Playing is crucial to healthy development and for building strong parent-child bonds. It's equally important if your child has a physical disability, such as a hearing impairment, vision difficulties or blindness, muscular dystrophy, and so on.
WebMD consulted child life specialists and experts to help you find guidance about playing with your physically disabled child. Here you’ll find their tips on play and age-specific suggestions for physically disabled children, from newborns to age 6.
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Playing helps children learn, but in a relaxed and fun environment.
According to Stephanie Pratola, PhD, a registered play therapist and clinical psychologist in Salem, Va., playing also helps to form important attachments. So it’s important for you to play with your child often in order to improve your relationship and help him cope with his physical challenges.
Think "Inclusion" and "Adaptation"
Don't automatically rule out play activities due to your child's physical disability. ''Any sort of play material can be adapted," says Sara Doschadis, a certified child life specialist at Monroe Carell Jr. Children's Hospital at Vanderbilt in Nashville, Tenn. For instance, a handle on a paintbrush can be extended to help a child with below-average hand coordination. A basketball hoop can be lowered to accommodate a child in a wheelchair. A table height can also be changed to accommodate a wheelchair. Your child's physical or occupational therapist can help you with suggestions for play adaptation.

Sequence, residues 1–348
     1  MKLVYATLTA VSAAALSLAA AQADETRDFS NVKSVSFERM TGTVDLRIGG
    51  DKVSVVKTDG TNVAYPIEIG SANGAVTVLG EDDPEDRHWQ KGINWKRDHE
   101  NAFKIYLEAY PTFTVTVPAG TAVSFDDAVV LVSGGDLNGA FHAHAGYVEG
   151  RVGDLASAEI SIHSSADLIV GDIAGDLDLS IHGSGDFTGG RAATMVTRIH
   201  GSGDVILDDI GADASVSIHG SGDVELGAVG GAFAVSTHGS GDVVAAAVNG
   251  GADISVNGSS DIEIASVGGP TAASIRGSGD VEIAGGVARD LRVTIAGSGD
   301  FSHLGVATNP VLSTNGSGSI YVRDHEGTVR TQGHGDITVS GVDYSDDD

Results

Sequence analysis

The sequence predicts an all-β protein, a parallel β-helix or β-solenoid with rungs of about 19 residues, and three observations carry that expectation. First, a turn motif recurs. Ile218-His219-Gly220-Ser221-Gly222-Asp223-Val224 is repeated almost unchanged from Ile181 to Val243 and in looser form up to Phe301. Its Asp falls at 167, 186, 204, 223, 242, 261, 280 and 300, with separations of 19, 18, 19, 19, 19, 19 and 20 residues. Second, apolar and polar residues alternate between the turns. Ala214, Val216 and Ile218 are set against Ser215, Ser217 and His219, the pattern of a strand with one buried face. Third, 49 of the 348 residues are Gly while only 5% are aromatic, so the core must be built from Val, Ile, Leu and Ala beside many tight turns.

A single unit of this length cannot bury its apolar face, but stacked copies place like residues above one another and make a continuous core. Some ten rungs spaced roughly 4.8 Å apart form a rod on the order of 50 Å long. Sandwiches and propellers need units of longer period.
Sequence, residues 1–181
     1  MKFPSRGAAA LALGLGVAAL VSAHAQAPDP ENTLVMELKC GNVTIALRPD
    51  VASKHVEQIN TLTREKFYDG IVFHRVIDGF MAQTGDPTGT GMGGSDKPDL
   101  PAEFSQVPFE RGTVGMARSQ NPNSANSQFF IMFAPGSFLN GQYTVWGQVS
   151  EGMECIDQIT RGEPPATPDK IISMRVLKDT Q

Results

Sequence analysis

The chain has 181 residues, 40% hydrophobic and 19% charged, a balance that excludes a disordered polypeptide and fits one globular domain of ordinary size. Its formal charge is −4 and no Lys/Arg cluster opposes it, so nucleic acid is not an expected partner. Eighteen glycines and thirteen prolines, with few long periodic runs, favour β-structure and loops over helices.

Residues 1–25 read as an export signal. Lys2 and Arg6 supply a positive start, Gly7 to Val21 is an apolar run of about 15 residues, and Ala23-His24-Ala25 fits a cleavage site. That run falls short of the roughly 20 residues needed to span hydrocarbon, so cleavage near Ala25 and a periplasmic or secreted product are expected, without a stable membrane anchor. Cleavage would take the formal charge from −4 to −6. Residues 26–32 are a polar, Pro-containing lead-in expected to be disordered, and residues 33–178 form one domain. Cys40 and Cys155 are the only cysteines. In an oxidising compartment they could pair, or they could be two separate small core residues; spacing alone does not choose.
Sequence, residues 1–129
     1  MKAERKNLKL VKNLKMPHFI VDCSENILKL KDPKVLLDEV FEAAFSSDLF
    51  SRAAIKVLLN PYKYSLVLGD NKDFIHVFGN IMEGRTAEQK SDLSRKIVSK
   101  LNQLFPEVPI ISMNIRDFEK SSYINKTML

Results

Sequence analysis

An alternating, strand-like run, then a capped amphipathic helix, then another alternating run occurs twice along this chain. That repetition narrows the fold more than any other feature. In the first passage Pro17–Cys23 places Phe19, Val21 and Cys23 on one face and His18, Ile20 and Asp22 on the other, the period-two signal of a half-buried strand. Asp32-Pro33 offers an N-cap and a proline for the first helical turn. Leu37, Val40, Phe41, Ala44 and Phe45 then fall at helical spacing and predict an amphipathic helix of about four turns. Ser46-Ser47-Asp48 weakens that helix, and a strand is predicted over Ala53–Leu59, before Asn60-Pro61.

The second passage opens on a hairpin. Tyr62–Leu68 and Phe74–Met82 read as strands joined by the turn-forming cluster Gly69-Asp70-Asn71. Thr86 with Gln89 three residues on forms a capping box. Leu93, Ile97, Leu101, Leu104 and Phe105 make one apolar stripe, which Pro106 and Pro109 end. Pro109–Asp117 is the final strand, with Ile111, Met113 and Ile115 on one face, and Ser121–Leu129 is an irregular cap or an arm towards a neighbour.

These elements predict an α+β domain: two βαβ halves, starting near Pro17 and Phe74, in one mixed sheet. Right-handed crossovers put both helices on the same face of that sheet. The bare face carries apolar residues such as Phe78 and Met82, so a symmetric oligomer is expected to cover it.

Resist the urge to jump in right away and help your physically challenged child manipulate a toy, Pratola says. "You have to coach parents when to hang back and let the kid struggle with the toy. There's a fine line ... you have to learn what that is."
On the other hand, she says, you don't want to let your child's frustration with the toy be so overwhelming it's not fun anymore. “[Let] the play be theirs, so that they feel ownership. ... Help them overcome obstacles without doing it for them."
Tap Into Your Child's Imagination
Pratola remembers a child with a spinal cord injury who came to her for help with recovery. ''Play was so important to her," she says. "In her imagination she could do anything." While in real life, the little girl was paralyzed, in playing, the figure she identified with was very active, Pratola says, always running or jumping.